ATLANTA, Ga.—The American College of Rheumatology (ACR) today praised the Centers for Medicare and Medicaid Services (CMS) for issuing new guidance to provide a 12-month “safe harbor” period for physicians following the Oct. 1 implementation of the ICD-10 code set. The ACR has led legislative and grassroots efforts to responsibly address the transition to the new code set. CMS’ response this week is a tremendous first step that will help to ensure continuity of patient care and stability for small and rural medical practices.
For a one-year period starting Oct. 1, Medicare claims will not be denied or audited solely on the specificity of the ICD-10 diagnosis codes provided, as long as the physician submits an ICD-10 code from an appropriate family of codes, according to the new guidance. The guidance also states that CMS will not penalize providers reporting for quality programs if the agency has problems calculating quality scores because of the new codes. Additionally, CMS will create an ICD-10 ombudsman to help providers with problems during implementation and authorize advanced payments if Medicare contractors are unable to process claims within established time limits due to problems with ICD-10 implementation.
“The ICD-10 guidance issued yesterday is an important step toward establishing a reasonable and responsible transition to the ICD-10 code set,” said Dr. Bill St.Clair, President of the ACR and a practicing rheumatologist. “The ACR has been a vocal advocate for safe harbor protections, specifically those outlined in the ICD-TEN Act (H.R. 2247). The new guidance addresses many of our members’ concerns about the impact of ICD-10 on small and rural practices, and we will continue to work to ensure a stable transition in other areas.”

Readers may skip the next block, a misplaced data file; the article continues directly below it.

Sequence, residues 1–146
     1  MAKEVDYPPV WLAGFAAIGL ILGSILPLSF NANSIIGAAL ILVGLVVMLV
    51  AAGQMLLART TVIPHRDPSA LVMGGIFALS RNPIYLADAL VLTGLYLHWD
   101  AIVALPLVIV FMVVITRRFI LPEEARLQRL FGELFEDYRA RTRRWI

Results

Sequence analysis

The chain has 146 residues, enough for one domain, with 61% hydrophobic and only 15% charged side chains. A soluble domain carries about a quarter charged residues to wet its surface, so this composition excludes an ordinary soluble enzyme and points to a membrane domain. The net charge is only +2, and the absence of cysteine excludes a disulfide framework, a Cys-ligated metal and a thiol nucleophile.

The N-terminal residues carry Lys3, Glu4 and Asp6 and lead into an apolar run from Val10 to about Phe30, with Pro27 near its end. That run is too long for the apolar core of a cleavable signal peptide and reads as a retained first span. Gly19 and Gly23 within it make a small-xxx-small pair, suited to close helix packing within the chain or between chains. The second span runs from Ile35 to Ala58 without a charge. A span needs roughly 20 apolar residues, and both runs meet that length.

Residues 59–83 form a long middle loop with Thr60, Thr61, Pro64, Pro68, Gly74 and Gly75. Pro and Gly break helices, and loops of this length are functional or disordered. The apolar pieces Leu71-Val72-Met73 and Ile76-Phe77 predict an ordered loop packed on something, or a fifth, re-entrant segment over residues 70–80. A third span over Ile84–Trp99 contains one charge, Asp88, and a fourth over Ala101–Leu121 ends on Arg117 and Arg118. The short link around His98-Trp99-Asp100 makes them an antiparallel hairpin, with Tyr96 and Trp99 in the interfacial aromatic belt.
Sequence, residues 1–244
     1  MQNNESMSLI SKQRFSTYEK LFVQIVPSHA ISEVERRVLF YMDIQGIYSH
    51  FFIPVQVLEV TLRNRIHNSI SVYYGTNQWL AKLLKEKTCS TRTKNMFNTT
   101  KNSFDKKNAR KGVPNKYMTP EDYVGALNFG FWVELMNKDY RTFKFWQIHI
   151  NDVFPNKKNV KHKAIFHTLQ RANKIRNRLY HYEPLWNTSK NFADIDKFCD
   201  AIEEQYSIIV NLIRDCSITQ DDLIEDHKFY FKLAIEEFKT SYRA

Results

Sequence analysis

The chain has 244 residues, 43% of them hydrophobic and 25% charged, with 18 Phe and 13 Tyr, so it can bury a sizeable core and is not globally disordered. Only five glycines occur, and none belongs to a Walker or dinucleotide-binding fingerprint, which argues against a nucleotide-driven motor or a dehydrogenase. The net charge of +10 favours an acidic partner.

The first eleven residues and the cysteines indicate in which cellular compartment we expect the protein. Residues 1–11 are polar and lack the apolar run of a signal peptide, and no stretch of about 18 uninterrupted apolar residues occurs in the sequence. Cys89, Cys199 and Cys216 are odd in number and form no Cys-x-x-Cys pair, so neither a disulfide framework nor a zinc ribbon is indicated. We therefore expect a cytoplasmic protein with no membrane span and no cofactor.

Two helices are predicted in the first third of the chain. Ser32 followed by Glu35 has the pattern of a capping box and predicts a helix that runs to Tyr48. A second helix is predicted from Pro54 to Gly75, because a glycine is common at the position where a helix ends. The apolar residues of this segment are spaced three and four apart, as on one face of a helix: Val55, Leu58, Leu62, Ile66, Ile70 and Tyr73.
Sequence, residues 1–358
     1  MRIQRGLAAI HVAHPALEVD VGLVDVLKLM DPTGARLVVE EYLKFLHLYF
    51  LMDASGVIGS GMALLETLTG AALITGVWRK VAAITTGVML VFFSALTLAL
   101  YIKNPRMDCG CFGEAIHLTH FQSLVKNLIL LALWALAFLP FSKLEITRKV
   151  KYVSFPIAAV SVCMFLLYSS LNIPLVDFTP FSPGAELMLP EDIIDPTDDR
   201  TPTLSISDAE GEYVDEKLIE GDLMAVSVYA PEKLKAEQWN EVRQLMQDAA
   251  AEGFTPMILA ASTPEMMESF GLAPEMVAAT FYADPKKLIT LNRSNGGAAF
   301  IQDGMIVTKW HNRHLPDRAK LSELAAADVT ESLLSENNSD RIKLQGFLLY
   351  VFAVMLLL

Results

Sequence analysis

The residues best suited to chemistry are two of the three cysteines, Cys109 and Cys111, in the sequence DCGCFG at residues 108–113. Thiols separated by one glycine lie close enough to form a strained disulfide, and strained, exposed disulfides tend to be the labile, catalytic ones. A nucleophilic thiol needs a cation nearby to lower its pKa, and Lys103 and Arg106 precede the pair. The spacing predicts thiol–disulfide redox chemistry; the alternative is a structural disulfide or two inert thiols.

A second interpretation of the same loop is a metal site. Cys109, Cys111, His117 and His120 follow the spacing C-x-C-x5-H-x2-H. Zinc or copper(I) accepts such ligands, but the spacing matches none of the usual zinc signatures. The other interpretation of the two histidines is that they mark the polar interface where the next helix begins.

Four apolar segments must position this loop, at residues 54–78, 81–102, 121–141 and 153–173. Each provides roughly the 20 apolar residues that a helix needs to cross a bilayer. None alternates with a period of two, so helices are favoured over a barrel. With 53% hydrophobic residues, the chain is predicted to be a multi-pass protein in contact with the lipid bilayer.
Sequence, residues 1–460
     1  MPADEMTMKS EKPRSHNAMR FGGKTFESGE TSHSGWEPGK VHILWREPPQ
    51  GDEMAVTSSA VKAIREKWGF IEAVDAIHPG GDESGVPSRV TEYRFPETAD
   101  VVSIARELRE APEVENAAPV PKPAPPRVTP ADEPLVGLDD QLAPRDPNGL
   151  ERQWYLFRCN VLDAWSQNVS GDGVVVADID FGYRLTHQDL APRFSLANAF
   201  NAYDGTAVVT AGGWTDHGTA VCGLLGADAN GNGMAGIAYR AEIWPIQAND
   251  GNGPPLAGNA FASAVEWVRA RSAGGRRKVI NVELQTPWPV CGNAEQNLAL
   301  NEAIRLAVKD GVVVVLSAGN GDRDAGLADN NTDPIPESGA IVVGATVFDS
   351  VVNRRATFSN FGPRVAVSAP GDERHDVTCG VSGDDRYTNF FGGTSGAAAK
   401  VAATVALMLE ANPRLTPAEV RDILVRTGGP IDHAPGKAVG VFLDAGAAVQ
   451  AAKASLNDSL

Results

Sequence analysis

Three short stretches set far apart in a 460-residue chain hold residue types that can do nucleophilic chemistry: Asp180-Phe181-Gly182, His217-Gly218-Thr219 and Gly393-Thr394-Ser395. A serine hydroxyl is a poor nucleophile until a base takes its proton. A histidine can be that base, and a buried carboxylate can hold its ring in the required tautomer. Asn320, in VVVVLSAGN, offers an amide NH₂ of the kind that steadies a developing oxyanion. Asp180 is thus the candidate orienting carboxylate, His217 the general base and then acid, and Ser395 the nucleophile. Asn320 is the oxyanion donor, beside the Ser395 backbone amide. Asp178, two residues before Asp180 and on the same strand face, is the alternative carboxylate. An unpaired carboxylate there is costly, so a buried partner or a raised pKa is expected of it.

The ICD-TEN Act (H.R. 2247) is a bill introduced by Representative Diane Black (R-TN) that has bipartisan support among U.S. lawmakers and would provide a reasonable and responsible transition to ICD-10. As the U.S. healthcare system transitions from the current ICD-9 medical coding set to the updated ICD-10 system, the legislation would institute an 18-month “safe harbor” period after the October 1, 2015 implementation date, during which time physicians would not be financially penalized for minor mistakes due to sub-coding errors. The current CMS guidance only offers protections for one year after implementation. The ACR also urges private payers to adopt similar safe harbor protections.
“With the Oct. 1 implementation date fast approaching, the ACR will encourage CMS to act on its issued guidance while continuing to push for the full 18-month period and policies that ensures our nation’s physicians do not experience undue financial instability as a result of this sweeping technological overhaul,” added Dr. Will Harvey, chair of ACR’s government affairs committee. “We will continue to support the bipartisan ICD-TEN Act as the most common-sense, bipartisan solution, and we encourage other healthcare providers and policymakers to do the same.”